Wine & Food Advisory
from the Melting Pot of the Pacific

Randal Caparoso Food and Wine in the "City"
© Randal Caparoso
You push the button, we do the rest. Modern restaurant dining has always been something of a barometer of society's expectations of food standards, and perhaps nowhere has it evolved into such an automation than in San Francisco, where I've spent almost three of the past four weeks.

"Simple food made from the freshest ingredients" is how a recent San Francisco magazine described its city's basic philosophy, and San Francisco's restaurateurs have certainly raised it to a fine art -- at $75 per person, which is what it costs to sample the "chef's menu" at the Fifth Floor, one of the country's more serious temples of gastronomy. Here chef George Morrone presents a "deconstructed suckling pig a l'orange," which is little more than three 2 inch clumps of other-white-meat touched by smidgens of orange nuanced natural juices, draped lonesomely across a manhole sized, lunar white Villeroy & Boch plate. Nothing more, nothing less. The flavors, of course, are stunningly distinct and delicious, and they are accentuated further by an utterly rare, tender and handsome Spanish red wine, called Alion, craftily chosen by super-sommelier Rajat Parr.

In fact, the entire City -- to San Franciscans, they are the "City" the way New Yorkers are the "Big Apple" -- revels in a simplicity which, if anything, is dripping with good taste. At Delfina, located in a more rambunctious neighborhood well south of Market St., the pork comes in a single oversized slab with barely a sauce to speak of; but is so juicy that it tastes sweet, almost like chocolate -- like buttah, you can say, is to Barbara. The duly noted lineage of Delfina's pork -- Niman Ranch, known for its organically raised pigs and cattle -- is as correct and tasteful as chef/owner Greg Stoll's culinary sensibility. "It took me a really long time to grow up," he says in the aforementioned San Francisco magazine, "but now I'm a perfectionist." Would Bay Area foodies accept anything less?

Then again, what do you expect in a town that sports signs beseeching the populace to "Think Deeply," and where dot-commers imprint stationery that advises, to wit, "Life is a Perpetual State of Transformation?" But thank goodness, there are still restaurants like Zuni Café, operated by the same chef/owner (Judy Rodgers) since 1972; because there is nothing too deep to think about when it comes to her succulent roasted chicken, her feathery light gnocchi, and her incredibly fresh and varied array of oysters. When you order mussels at LuLu, you can hear it arriving from 20 feet away, sizzling on an iron skillet heated by the open kitchen's roaring fires, a dish of melted lemon butter at the center alerting the senses. And it was at LuLu where I experienced my best food and wine combination of the month -- the 1997 WillaKenzie Gamay Noir, a plump, lusciously fruity red from Oregon, with an equally plump, luscious quail wrapped with pancetta and stuffed with figs.

Of course, the throngs of instant, twenty-something dot-com millionaires also make hipness an embarassing inevitability. The screwcapped Plumpjack Cabernet Sauvignon is eagerly gobbled up for $175 a bottle, and North Beach leather-wrapped girls sip $10 cosmopolitans made with blood orange infused vodkas from Napa Valley. At the French-Asian styled Azie -- a variant of en l'Asie or "in Asia" (get it?) -- a live DJ spins glorified elevator music off old fashioned wax at the entrance. A current fave-rave at late-night hangouts like Globe? Spaghetti and tomato sauce -- plenty good for the unvirtual reality challenged, but not exactly Medici Kitchen material.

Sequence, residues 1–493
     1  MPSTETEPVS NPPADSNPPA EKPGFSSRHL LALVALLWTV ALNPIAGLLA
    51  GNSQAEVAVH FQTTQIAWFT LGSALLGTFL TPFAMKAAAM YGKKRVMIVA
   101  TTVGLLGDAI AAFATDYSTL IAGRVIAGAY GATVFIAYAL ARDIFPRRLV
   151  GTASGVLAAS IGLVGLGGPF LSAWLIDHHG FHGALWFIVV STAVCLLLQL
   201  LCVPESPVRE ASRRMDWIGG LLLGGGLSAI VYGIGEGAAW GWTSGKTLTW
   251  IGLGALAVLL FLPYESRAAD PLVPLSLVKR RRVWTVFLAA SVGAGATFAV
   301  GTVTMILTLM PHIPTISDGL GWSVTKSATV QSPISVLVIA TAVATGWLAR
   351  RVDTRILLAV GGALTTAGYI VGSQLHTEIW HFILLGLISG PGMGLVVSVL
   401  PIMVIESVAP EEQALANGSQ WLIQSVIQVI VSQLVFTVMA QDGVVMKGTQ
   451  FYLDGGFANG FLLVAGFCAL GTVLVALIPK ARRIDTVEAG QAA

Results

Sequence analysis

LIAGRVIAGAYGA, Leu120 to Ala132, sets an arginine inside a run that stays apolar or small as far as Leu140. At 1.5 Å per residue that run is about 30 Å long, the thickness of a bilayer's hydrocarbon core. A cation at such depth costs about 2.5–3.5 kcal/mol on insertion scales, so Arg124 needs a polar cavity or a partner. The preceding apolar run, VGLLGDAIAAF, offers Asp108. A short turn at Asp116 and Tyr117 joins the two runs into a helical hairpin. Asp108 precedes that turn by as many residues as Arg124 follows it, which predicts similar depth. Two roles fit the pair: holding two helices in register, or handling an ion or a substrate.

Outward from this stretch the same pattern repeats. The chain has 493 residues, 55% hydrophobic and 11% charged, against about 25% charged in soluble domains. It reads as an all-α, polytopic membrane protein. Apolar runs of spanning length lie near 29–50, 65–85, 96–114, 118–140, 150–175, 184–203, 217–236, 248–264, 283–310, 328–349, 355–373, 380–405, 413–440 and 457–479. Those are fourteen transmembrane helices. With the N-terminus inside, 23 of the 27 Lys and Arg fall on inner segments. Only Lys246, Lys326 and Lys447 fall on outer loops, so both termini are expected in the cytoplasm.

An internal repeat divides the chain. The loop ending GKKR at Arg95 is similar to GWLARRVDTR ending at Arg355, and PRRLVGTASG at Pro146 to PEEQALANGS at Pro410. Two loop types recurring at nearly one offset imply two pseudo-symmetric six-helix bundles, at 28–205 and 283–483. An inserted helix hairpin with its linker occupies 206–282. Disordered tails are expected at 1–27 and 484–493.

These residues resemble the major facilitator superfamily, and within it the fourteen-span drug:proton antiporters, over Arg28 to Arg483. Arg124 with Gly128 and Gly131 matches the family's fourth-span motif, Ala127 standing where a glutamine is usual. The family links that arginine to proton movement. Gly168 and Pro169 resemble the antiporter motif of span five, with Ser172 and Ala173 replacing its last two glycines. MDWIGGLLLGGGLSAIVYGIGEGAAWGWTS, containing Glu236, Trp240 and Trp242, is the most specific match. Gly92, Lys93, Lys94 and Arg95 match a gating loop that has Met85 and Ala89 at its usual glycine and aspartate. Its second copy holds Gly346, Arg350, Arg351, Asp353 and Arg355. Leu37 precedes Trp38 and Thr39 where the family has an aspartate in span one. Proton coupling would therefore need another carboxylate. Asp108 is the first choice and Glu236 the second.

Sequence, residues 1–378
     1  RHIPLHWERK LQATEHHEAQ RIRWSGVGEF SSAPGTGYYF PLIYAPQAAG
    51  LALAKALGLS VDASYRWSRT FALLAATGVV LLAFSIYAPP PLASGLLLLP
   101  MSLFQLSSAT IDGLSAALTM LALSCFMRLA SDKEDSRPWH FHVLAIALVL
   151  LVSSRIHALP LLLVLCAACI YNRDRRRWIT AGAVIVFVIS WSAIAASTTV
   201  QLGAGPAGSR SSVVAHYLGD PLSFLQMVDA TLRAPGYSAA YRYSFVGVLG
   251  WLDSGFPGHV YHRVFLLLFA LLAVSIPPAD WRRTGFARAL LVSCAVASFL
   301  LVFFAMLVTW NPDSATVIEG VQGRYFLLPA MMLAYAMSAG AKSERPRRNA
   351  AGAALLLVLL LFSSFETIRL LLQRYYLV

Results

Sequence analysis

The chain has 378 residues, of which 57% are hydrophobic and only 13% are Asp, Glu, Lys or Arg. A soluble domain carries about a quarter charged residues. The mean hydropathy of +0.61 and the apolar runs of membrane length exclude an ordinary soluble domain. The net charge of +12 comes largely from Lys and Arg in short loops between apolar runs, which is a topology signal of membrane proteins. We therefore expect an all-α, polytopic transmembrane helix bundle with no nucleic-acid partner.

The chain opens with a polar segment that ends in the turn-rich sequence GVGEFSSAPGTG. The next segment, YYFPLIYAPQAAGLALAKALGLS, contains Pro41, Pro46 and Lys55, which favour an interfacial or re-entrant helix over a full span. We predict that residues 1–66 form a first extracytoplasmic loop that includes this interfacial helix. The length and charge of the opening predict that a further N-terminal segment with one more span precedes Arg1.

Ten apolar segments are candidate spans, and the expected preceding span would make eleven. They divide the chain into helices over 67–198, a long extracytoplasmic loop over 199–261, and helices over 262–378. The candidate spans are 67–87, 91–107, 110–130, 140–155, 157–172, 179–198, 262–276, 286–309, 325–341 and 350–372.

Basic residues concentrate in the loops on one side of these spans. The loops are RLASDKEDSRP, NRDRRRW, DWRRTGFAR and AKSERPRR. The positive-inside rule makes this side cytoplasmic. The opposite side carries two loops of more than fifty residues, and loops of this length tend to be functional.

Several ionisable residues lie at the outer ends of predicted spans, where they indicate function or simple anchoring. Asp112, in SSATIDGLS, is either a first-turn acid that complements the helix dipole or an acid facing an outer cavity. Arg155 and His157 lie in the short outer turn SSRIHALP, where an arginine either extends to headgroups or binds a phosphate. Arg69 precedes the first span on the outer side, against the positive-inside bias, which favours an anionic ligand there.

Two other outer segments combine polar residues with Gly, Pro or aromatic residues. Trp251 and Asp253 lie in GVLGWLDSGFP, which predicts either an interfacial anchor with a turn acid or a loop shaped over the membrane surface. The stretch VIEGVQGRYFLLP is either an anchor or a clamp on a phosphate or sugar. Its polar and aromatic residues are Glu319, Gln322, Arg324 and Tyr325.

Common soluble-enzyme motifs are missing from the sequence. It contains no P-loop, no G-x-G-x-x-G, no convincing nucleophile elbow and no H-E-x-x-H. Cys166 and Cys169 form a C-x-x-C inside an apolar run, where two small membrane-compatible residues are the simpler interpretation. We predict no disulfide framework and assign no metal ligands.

But enough about kitchens and kitsch, what about wine? By virtue of their proximity to the wine country, San Franciscans consider themselves the most wine savvy gastronomes in the world. Even so, restaurant wine lists tend to be stacked with Chardonnays, Cabernet Sauvignons, red Bordeauxs and white Burgundies, no matter what kind of food is served -- French, Italian, Chinese, Japanese, fusion, "new American," et al.

But still, the Bay Area's core of sommeliers and professional wine buyers are just about the most knowedgeable and conscientious in the country. So if you are unafraid of putting yourself into a server's hands -- asking for, say, a $25-$35 red wine to match the chef's signature foie-gras-and-tuna, you're quite likely to get a perfectly unusual, and appropriate, recommendation such as a Spanish Ribera del Duero or a smooth, earthy French Coteaux de Languedoc. My advice? Since you're surrounded by experts, use them.

Better yet, you should ask for them by name. Besides Rajat Parr of the Fifth Floor, San Francisco's best, brightest, most affable sommeliers include:

Larry Stone M.S. - Rubicon
John Lancaster - Boulevard
William Sherer M.S. - Aqua
Renee Nicole-Kubin - Gary Danko
Peter Palmer - Farallon

And at the soon-to-open Bacar (mid-September), you should expect great things from Debbie Zachareas, who had previously made an impact at the fusion style EOS in collaboration with chef Arnold Wong.

But do not, however, think too deeply. Interesting foods and wines are too good to be spoiled by too much thought!

August 2000

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